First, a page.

How to train your dog to free stack
Begin with your dog in a standing position. If they naturally sit or struggle to remain still, reward them often — let them know that standing pays well in this context.
Once your dog is able to stand for a reasonable interval, start teaching them how to move their paws into a precise position.
You can teach your pet to move their back legs by stepping towards them. Mark and reward any shift of motion backward, which will eventually lead to them adjusting their rear paws into alignment.
You can do the opposite to teach your dog to move their front legs — instead of stepping towards them, take a step away. Mark and reward as soon as they move their front feet!
Once your dog gets the hang of moving their paws, you can add a hand signal or verbal cue (like “step” or “back up”) to communicate more clearly.
Being physically examined
Your show dog must also stay still for an examination. The judge will physically put their hands on your pet to evaluate their structure, including checking their teeth.
If your companion growls, snaps, or shows other signs of discomfort during this process, you risk being disqualified from the competition.
How to train your dog to tolerate a judge’s examination
The younger your dog is when you start getting them used to being handled, the better!
Begin by regularly touching your pet and praising them for staying calm. You can start by giving treats while you have hands on them and work to where you only give the reward at the end.
Take things slow, and move confidently. Over time, work up to examining your dog’s teeth, torso, and, if they’re male, their testicles.
It can be helpful to give your dog a heads up that they’re about to be touched. For example, some handlers say cues like “mouth please” or “show me your teeth” before examining their dog’s bite. This can create a greater sense of predictability and trust in the show environment, especially while your dog holds a stationary stacked position.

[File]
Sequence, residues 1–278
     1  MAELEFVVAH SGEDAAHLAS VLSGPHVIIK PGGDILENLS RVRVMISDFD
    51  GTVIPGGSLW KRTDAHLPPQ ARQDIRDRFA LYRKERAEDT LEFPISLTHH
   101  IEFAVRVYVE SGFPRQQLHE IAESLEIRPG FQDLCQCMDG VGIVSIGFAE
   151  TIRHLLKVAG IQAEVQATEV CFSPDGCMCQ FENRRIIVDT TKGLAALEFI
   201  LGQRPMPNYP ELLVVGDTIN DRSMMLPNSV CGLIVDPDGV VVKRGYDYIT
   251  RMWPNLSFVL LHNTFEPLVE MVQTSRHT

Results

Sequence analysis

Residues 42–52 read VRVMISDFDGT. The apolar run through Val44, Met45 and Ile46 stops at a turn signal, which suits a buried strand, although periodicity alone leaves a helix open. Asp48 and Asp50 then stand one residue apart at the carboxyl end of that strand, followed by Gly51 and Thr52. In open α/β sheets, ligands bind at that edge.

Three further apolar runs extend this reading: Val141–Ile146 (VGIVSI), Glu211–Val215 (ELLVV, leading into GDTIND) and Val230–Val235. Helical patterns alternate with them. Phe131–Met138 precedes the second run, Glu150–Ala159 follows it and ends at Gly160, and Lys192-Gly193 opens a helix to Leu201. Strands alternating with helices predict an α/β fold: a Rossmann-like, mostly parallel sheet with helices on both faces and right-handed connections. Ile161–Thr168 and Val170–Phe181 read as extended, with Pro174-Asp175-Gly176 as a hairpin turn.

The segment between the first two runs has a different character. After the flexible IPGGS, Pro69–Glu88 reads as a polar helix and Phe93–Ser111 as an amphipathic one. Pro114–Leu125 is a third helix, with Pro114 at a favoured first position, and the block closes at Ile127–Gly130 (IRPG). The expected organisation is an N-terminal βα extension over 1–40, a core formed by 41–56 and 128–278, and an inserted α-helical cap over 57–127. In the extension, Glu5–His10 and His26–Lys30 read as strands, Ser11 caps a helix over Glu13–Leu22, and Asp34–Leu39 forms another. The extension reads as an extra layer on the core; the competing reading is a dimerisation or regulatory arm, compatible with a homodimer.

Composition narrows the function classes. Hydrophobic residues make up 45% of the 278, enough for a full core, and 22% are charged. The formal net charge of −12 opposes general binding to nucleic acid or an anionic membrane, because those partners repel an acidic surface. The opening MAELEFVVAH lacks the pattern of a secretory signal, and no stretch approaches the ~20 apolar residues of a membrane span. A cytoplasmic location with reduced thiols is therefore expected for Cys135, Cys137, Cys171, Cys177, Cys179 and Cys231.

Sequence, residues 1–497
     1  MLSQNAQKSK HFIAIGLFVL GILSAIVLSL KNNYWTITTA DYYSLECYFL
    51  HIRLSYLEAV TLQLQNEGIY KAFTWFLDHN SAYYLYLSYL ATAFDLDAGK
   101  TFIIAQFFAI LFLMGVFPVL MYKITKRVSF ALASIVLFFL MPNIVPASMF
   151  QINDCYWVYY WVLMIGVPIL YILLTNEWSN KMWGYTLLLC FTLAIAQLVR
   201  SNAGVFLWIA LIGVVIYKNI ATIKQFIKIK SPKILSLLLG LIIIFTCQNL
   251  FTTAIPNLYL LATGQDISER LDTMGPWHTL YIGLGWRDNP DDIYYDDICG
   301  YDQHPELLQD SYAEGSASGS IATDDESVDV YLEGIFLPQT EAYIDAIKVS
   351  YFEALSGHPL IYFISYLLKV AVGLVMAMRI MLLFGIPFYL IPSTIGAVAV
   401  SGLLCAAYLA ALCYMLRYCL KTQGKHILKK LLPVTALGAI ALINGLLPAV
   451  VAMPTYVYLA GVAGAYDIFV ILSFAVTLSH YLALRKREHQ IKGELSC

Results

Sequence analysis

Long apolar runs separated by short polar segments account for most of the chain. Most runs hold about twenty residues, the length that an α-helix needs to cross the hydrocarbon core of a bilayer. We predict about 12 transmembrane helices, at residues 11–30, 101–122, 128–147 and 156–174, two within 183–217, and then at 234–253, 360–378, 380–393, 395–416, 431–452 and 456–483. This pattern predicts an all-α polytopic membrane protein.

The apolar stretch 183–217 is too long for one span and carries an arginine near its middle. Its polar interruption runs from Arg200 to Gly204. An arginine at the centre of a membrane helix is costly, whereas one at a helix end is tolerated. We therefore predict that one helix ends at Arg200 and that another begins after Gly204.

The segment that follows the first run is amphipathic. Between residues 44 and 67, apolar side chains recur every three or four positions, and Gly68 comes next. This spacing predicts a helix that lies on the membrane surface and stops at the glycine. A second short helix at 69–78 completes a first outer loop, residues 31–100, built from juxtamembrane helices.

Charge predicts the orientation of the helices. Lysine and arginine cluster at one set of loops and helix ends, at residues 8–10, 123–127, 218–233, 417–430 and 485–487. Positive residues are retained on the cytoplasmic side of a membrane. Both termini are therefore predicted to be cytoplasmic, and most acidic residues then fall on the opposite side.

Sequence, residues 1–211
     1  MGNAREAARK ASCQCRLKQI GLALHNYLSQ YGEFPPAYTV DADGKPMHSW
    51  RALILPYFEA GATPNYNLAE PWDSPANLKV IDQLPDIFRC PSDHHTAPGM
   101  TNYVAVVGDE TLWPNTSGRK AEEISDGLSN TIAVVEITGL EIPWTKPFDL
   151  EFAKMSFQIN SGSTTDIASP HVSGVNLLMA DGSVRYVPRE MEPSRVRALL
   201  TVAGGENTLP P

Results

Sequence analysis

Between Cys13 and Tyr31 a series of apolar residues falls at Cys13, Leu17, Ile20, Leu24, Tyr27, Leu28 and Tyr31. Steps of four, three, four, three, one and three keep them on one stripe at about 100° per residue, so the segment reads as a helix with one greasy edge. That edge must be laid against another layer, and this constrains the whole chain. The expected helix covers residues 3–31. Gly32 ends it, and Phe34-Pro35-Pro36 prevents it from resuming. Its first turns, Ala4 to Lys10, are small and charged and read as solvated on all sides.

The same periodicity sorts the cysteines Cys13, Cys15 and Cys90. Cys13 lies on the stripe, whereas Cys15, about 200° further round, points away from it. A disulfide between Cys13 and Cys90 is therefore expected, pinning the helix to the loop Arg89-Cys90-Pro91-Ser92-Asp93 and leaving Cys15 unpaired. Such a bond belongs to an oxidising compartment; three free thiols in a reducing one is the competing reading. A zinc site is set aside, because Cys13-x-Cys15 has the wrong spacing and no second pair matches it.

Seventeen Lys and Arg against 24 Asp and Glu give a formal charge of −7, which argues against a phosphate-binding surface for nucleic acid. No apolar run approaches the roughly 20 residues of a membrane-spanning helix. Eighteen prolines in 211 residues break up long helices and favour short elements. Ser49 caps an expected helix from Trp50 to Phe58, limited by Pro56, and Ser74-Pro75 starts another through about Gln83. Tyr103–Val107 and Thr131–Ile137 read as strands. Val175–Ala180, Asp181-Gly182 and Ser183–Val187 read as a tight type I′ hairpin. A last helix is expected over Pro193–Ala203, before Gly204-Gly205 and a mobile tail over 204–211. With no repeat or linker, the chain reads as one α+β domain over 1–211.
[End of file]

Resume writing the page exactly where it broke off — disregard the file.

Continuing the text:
Once your dog is comfortable with you touching them in these ways, ask your friends and family to do the same thing. Closely watch the process to make sure your pet is comfortable. Reward frequently and don’t be afraid to take a step back if needed!
General show dog training tips
Remember why you’re showing your dog in the first place
It’s easy to get overwhelmed when the stakes feel high. There’s nothing wrong with wanting your dog to place in conformation — but keep in mind the more important reasons (like trying something new as a team) that you wanted to start showing them in the first place.
Reach out to a mentor or support network
The right guide can make a world of difference in your new dog show journey. If you own a purebred dog, consider reading out to your dog’s breeder or a local breed club to ask about conformation! Many veterans are happy to help newcomers find their footing — and you might even find a group training class perfect for what you want to practice.
Fade off of food reinforcement and increase your criteria slowly
Slow and steady wins the race. No matter what dog show skill you’re working on or specific training process you’re following, it’s important to break things down into small, bite-sized chunks. Set reasonable expectations for both you and your dog.
Keep training fun!
Above all, the greatest joy is simply sharing life with your best friend. There’s nothing wrong with enjoying the thrill of a competitive dog show! But first and foremost, remember to just enjoy your dog — independent of championships.
Trainer that reviewed this article